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José Celso Becca: he sowed with generosity

Saturday 25 February 2012, the citizens of the Mariapolis Ginetta, besides many people of Vargem Grande Paulista-SP and of Salto payed their last respects to José Celso Becca, known to them as "Becca"

By Adriana Mendes

Jose_C__Becca_ridWho was José Celso Becca, as a person, businessman, father and husband, son, brother and friend who today we feel the duty to remember?

"This guy is crazy just like me. If he makes it to sell with his winning smile... we are set. He is a good person, intelligent, honest, courageous. He lives one hundred kilometers away from the Spartaco Industiral Park, has  a job, a wife, five children and does not know how to say no... because he is the Economy of Communion."

This is what François Neveux wrote in his dairy in recalling his encounter with Becca back in ‘94, when he invited him to join his daring business project at the Spartaco Industrial Park, which later took shape into “Rotogine.”  Becca responded affirmatively to the invitation and with generosity. Alongside  François and many others, Becca was one of the pioneers of the EoC.

Born in Salto-SP on 1 February 1958, he met the spirituality of the Focolare Movement in 1981 and the following year married Maria Aparecida, with whom he had five children.  A mechanical engineer, already retired, he continued to work. For Becca, work was not just a means to support his family, but also a way to contribute to the society in which he lived, and this is why he operated with a real sense of professional ethics and efficiency, with perfect dominance of his professional competencies. The many messages that his family received on occasion of his death speak of his “generous and simple love,” both “concrete and attentive.”

We will mention just a few: “You could see in him the strength with which he fought to uphold his ideals, his commitment to his family and his neighbours; foto_Becahis sense of responsibility and honesty. I never heard him criticize or judge someone or a situation.” Corrado Martino, then responsible for the Mariapolis together with Ginetta Calliari, recalls: “What remains with me is his witness of unshakable faith in God, the certainty of his Providence, even when human reasoning should have given in to the facts. This is how it was when he began the Rotogine [the business he founded together with François Neveux], which gave a real stimulis to the Spartaco Industrial Park and the concretization of this great inspiration of Chiara Lubich.” (in the picture Becca is the fourth from left to right). In 1995 Becca wrote to Chiara: “Since you brougth the EoC to life, I have tried to not loose any opportunities to get to know the project in-depth. I am convinced that something big will come out of it, capable of changing the world. ... I live for the Economy of Communion in Brazil and in the world. I can tell you that today my name is ‘Economy of Communion.’”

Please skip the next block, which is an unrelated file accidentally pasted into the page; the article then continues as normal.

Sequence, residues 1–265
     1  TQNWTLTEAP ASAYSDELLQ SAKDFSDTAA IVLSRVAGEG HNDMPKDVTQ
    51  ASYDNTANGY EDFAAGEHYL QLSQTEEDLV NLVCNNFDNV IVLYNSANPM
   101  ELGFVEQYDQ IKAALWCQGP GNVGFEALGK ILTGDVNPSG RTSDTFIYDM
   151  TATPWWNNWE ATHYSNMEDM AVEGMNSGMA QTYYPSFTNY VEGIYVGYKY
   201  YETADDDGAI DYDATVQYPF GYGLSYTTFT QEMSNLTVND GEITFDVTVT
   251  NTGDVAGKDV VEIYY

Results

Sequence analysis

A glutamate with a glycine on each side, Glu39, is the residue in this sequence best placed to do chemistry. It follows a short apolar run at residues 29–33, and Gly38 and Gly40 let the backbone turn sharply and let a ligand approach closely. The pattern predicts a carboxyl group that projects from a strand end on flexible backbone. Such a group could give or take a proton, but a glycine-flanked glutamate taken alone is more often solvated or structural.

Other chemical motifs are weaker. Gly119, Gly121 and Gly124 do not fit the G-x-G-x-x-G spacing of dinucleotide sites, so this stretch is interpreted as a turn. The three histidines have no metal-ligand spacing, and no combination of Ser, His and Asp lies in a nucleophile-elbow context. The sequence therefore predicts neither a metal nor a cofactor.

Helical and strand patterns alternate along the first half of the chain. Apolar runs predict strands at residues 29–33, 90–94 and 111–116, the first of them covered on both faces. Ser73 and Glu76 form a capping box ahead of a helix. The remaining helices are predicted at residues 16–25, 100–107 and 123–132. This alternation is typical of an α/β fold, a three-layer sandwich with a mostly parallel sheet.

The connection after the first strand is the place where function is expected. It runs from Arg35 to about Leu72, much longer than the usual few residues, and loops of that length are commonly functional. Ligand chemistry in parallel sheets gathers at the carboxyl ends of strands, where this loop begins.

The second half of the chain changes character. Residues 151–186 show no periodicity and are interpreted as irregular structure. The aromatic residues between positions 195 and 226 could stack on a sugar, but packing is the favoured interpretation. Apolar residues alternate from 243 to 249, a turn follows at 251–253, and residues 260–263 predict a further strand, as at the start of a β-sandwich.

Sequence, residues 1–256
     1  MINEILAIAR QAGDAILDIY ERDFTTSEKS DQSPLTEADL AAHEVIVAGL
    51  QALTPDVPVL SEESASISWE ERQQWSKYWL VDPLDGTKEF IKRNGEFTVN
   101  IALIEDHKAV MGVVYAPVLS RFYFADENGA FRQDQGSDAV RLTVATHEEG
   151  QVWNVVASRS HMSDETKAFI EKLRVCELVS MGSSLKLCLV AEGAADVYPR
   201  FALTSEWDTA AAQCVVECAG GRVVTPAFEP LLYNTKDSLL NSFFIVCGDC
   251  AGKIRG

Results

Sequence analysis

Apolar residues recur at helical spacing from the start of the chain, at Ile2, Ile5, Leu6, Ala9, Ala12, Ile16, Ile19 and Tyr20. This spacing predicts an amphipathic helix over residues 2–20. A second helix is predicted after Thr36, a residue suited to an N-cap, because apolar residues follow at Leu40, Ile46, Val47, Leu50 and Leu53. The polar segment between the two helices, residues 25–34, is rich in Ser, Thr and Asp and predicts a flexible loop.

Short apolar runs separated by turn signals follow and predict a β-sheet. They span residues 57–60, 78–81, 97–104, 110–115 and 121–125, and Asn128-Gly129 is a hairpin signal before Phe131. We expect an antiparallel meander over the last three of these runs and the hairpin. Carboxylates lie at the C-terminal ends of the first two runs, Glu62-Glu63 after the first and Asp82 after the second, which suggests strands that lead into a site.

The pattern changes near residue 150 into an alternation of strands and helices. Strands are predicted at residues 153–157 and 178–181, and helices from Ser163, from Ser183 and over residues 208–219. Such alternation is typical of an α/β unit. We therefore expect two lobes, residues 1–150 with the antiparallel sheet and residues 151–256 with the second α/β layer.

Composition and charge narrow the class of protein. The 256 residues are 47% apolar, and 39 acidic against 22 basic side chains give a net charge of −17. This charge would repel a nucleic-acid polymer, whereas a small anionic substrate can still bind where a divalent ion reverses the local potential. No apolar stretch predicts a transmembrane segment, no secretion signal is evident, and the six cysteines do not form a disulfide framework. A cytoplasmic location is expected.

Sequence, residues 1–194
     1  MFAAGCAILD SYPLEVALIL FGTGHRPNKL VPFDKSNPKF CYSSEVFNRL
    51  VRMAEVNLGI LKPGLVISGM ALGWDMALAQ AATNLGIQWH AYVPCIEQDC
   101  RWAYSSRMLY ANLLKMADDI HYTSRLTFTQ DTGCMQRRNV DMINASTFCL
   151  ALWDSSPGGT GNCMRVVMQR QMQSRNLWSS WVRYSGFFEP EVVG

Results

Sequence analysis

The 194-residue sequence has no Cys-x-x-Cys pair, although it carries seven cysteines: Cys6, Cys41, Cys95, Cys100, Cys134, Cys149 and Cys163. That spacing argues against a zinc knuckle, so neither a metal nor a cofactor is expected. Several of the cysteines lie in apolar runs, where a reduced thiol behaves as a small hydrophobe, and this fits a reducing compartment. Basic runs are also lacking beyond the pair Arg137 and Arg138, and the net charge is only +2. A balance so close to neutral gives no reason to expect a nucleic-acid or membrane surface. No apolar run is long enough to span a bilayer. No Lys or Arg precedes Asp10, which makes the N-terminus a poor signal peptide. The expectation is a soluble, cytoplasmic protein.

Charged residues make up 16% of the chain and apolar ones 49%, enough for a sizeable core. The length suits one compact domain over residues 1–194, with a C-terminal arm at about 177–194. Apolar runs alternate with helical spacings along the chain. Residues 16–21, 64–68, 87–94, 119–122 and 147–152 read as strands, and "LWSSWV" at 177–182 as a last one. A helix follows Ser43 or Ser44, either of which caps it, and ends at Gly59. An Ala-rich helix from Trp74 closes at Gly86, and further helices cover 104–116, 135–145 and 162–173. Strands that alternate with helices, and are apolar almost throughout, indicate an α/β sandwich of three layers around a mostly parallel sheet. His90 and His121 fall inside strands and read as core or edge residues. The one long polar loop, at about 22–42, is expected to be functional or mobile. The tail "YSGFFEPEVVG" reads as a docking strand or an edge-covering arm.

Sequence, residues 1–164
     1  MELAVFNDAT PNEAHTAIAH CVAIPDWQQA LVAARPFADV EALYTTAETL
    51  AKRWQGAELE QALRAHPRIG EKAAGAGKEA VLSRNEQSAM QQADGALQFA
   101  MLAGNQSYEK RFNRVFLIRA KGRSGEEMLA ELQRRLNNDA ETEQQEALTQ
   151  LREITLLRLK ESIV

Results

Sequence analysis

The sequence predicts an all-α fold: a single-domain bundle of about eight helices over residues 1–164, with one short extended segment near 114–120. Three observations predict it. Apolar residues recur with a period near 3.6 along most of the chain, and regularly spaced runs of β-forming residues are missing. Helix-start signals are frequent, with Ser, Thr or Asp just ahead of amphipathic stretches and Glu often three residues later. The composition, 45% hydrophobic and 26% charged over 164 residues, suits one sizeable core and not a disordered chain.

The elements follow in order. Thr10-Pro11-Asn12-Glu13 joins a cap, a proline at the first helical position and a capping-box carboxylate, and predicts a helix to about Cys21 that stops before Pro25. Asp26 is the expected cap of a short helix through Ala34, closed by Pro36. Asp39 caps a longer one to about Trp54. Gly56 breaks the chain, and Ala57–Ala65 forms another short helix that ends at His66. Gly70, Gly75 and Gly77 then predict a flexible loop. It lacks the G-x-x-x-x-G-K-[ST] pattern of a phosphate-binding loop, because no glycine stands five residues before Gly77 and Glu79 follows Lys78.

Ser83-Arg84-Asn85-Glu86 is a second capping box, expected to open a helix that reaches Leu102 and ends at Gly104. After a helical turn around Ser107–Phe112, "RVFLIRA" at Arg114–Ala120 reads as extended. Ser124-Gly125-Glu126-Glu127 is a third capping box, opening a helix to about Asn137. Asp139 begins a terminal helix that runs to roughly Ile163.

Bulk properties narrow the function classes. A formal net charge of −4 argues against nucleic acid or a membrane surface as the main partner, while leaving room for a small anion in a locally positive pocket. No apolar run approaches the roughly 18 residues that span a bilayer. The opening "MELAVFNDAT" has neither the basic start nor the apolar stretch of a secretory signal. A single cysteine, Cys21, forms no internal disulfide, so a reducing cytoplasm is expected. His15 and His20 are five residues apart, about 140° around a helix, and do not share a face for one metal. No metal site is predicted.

Becca did not only give life to the Economy of Communion, but he also knew how to loose it by offering it as a gift, so that others could bring it ahead: this happened when a new partnership was necessary in the Rotogine, and he had to leave the business.  And he did it with humility, without showing even a bit of struggle – as shared  Armando Tortelli, president of the National Association for the Economy of Communion in Brazil. Becca was convinced that this was the will of God, and this is what mattered to him.

During his period of total commitment to the EoC he wrote to Chiara Lubich,  asking her for a phrase from the Gospel that would serve as a guide for his life. She responded by choosing this sentence from the second letter to the Corinthians: “Whoever sows genenously will reap generously” (2Cor 9:6).  The many witnesses that we are arriving in these days all confirm that Becca was this living Word!

110525_Rotogine_01Eustáquio Rosa, who lived with him a few years in Brazil, said: “... I thank God that I was able to live with Becca: he was like a brother, always attentive to doing big and small acts of love. Thinking of all that he did for the people who were helped through the Economy of Communion, I think that Our Lady must have welcomed him with great love and brought him close to Chiara and all those who, like Becca, found light  for their lives in the charism of unity.”

Becca’s illness, its quick progression and his passing, surprised everyone: acute lukemia, with a fast deterioration. It began with a simple sore throat and then came  inflamed lymph nodes, his transfer to a specialized clinic, and the news of his death. It all happened within a week! There is no doubt that we still have much to discover about this wonderful person Becca, and it will not be easy to gather all the good that he has sown, lived and built with his life.



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